The monkey puzzle tree, a type of evergreen tree that grows to a diameter of 1--1.5 meters and a height of 30--40 meters, is now threatened with extinction.
Scientists believe the tree's unusual features, namely spiny leaves and intricate scaly branches, were the result of evolution as a defense against long-necked dinosaurs.
This evergreen tree is said to be one of the survivors of the Jurassic era, more than 145 million years ago, CNN reported, Thursday, August 18, 2022.
The cultivated araucaria araucana grows in gardens and parks around the world, but in the wild, this species grows only along the slopes of the Patagonia volcanoes in Chile and Argentina.
Fires, land clearing, overgrazing, and logging have shrunk the temperate forests where the endangered tree grows. Its large seeds are also a valuable food source for an endemic bird species: the austral parakeet.
The green parrot, which is in a flock of about 15 birds, flies from tree to tree to find a home during the breeding season.
When the birds get the right spot, their numbers can swell to over 100, and they enjoy the monkey puzzle tree pine nuts.
Recent research has found that robber parakeets, despite their unfounded appetite for nuts, could actually help monkey puzzle trees survive in Patagonia.
Scientists say the birds act as a buffer against the threat posed by overharvesting of nuts by humans.
Parakeets usually pick up pine nuts and eat them from the tops of trees tens of meters high. Often, birds only eat part of the seeds. According to the results of a 2018 study, the removal of some seed coats by parakeets increased the speed of germination of monkey puzzle seeds.
Two study authors, Gabriela Gleiser and Karina Speziale from the Argentine Institute for Biodiversity and Environmental Research at the National University of Comahue, explained, "They (parakeets) play an important role in the regeneration of Araucaria forests because the partially eaten seeds they leave on the ground were not selected by collectors. seeds, and they retain their germination potential."
What's more, they say, parakeets disperse seeds, meaning the tree regenerates further than the parent plant. Gleiser and Speziale also investigated whether parakeets, as they fly from branch to branch, pollinate female cones. In addition, the monkey puzzle tree pine nuts are also a traditional food source for the Mapuche indigenous people of Chile and Argentina.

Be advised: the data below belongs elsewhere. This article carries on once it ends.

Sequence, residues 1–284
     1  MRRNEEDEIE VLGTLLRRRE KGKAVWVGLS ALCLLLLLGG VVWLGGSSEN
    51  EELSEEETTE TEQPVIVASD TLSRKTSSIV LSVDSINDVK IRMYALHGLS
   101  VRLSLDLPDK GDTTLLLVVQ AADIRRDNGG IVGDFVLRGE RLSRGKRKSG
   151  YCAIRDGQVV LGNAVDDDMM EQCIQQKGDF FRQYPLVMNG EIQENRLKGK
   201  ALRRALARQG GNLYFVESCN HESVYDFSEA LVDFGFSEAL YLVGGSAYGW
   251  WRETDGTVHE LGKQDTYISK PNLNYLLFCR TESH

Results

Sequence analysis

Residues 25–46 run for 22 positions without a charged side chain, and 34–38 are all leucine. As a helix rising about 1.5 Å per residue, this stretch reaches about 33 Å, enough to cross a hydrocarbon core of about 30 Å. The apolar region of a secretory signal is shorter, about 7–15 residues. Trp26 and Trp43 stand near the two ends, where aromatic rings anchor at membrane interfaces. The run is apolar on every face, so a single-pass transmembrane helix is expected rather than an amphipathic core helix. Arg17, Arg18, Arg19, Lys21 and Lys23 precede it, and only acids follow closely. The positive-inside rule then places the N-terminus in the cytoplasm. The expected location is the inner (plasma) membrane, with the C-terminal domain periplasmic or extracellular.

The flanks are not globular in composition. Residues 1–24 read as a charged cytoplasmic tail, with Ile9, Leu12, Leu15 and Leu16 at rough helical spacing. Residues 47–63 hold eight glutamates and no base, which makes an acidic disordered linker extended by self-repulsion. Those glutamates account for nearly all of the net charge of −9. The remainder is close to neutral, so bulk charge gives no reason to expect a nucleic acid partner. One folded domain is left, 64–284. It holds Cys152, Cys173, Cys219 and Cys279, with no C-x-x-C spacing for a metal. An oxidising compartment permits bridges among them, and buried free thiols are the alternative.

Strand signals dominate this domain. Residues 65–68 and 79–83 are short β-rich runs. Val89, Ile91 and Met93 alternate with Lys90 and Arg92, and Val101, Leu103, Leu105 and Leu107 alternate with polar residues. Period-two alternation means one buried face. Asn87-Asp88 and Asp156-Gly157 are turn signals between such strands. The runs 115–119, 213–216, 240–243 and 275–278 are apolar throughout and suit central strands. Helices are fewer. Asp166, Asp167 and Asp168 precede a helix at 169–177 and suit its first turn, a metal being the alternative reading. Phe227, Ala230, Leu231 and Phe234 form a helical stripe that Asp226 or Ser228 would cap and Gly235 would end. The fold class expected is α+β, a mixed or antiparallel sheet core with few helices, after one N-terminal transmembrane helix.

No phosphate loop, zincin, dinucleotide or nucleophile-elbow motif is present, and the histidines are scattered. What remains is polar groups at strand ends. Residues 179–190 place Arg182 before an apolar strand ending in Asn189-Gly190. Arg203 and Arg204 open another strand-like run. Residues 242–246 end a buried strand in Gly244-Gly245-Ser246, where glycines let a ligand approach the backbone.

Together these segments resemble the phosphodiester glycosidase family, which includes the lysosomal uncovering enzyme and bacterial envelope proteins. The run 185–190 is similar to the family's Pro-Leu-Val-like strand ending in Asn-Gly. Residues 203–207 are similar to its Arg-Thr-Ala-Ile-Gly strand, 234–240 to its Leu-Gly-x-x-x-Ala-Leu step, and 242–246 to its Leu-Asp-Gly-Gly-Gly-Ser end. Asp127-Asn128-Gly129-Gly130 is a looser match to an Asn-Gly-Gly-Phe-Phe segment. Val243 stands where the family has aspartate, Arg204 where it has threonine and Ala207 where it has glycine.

Mapuche skillfully climbs the cypress tree to collect the seeds and grind them into flour that can be baked into bread. The nut, which is larger than the almond, is also eaten more widely in both countries, especially Chile.
Mapuche has the right to collect peanuts in his ancestral land. However, beyond that, local authorities limit the number of nuts that can be collected for personal and commercial purposes. "That too requires a permit," said Gleiser and Speziale.
"Nevertheless, many illegal collectors collect without respecting collection limits," the researchers noted. "Peanut collection is an important threat to the reproduction of monkey puzzle trees in populations accessible to humans, as illegal seed collectors have almost exhausted the seed pools that trees produce."
However, parakeet damaged nuts are removed by collectors, so partially eaten nuts can still germinate. It is also noted that the Mapuche lifestyle is intertwined with the monkey puzzle tree. However, it was a bond that was nearly broken during the colonial period and into the 1990s, when industrial loggers stripped the land, including Araucaria trees.
30% of World's Tree Species Endangered
According to legal protections for the species, the Mapuche clashed with loggers and the Chilean government.
The monkey puzzle tree is now legally protected throughout Patagonia. "Araucaria are like the Mapuche people ... even though they have been persecuted, beaten, we are all strong," Petrona Pellao, a member of the Mapuche Indigenous group, said in the CNN document Patagonia: Life on the Edge of the World.
"Mapuche are now replanting Araucaria trees and reinventing their ancient ancestral practices. The goal is to help Mapuche cultivate pine nuts sustainably and allow Araucaria trees to thrive once again," he continued.
In fact, according to last year's study, at least 30 percent of the world's tree species are threatened with extinction in the wild. Categories range from the famous oaks and magnolias, to tropical hardwood trees, reports BBC, 1 September 2021.
"We have nearly 60,000 tree species on the planet, and for the first time we now know which species need conservation action, what the greatest threats are to them, and where they are," said Dr Malin Rivers of the charity Botanic Gardens Conservation International. .
Previously, the State of the World's Trees report found that at least 30 percent of the 60,000 tree species are at risk of extinction. About 142 species have become extinct from the wild, while 442 are on the verge of extinction, with fewer than 50 individual trees remaining.